“I Can’t Breathe”: The Race and Climate Connection Encapsulated
“If we’re just going to use solar power instead of coal to run the same sad mess of unfair and ugly oppression, is it really worth it?”
—Bill McKibben, New Yorker Climate Crisis Blog
Black and White Americans live on the same planet but experience entirely different worlds. The climate emergency is affecting everyone on the planet, but not equally. It disproportionately impacts the most vulnerable populations—women, children, and Black, LatinX, & Native Communities.
While class is another dividing line, American politics and economy have largely been shaped by the color of our skin. A wealthy Black man is still afraid of being pulled over by the police just as much as a poor Black man is. Would the notorious Boston Tea Party have inspired the American Revolution if weren’t for the financial confidence that America could survive on its own due to the economics of slavery (brutality and free labor) provided?
The irony is not lost on the fact that the inspiring Tenants of Democracy—Freedom, Liberty, and the Pursuit of Happiness—were born on the same American soil where human beings were enslaved, brutalized, and demoralized. Freedom did finally come during the American Revolution and with the 13th Amendment (making slavery illegal). Yet, Eugenics (the so called “science” that declared Black people sub-human and white people “the supreme” race) combined with the criminalization and segregation of the Black community in the South through Jim Crow laws deepened the belief (among whites) that Black people were “more animal like”, violent, and should be feared. This is the psychological realm of racism the permeates the white imagination still today.
The rallying call, “Black Lives Matter” is a a powerful attempt to penetrate the “white imagination” in order to be truly seen and heard not just as a Black person, but as a human being. A human being worthy of equal protection under the law. A human being worthy of education, economic prosperity, and equity and inclusion in all civil life.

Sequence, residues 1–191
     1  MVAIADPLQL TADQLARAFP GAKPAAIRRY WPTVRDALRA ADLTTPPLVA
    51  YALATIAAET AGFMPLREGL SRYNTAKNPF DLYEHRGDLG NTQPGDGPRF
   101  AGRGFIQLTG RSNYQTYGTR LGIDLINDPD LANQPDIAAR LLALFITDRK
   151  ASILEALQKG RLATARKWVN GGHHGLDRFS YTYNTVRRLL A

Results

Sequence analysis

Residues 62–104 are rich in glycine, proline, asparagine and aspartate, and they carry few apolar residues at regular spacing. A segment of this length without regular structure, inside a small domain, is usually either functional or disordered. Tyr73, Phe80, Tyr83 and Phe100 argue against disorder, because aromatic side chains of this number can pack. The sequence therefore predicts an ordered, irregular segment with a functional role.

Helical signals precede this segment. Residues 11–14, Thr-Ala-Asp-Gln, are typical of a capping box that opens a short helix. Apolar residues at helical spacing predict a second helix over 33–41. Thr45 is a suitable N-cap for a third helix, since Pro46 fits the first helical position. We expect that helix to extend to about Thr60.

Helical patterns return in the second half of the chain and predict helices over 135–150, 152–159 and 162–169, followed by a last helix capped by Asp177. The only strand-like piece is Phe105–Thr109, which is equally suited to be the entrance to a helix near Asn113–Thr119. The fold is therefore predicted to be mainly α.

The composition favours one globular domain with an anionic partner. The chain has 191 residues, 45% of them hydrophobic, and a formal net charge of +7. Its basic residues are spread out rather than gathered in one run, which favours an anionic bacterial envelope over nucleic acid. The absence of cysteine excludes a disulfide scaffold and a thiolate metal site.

While being deeply disturbed myself (a white person) by the brutal killing of George Floyd by a police officer, I have noticed Americans of all races surging into the streets these past few weeks clearly now able to “see” through the lens of Black lives and realizing they do matter and they must be defended. The pain and suffering of Black families today is deeply profound. Truly beginning to see this can be uncomfortable. To borrow from McKibben of the New Yorker: “but discomfort never killed anyone, not like a knee on the neck or a coal-fired power plant down the street.” As white allies in the fight again racial injustice we need to get uncomfortable to see clearly what is real.
Let’s get real.
Can this new way of seeing and being real serve as a prism and open our collective unconscious to the intersection of race and environmental injustice and climate change?
Racial justice and climate justice are linked: Sixty-eight percent of Black people live within thirty miles of a coal-fired power plant. Climate change and police brutality are also directly linked together. Communities who are most impacted and vulnerable to police brutality are also the same communities that are most vulnerable to climate change. For example, when Eric Garner was killed in 2014, he stated the same words that we heard from George Floyd: “I can’t breathe.” Eric Garner had asthma. Even though Eric Garner was killed by an illegal choke hold by a white police officer, it’s important to note that he lived in a neighborhood that received an F for ozone pollution, according to the American Lung Association’s 2018 report.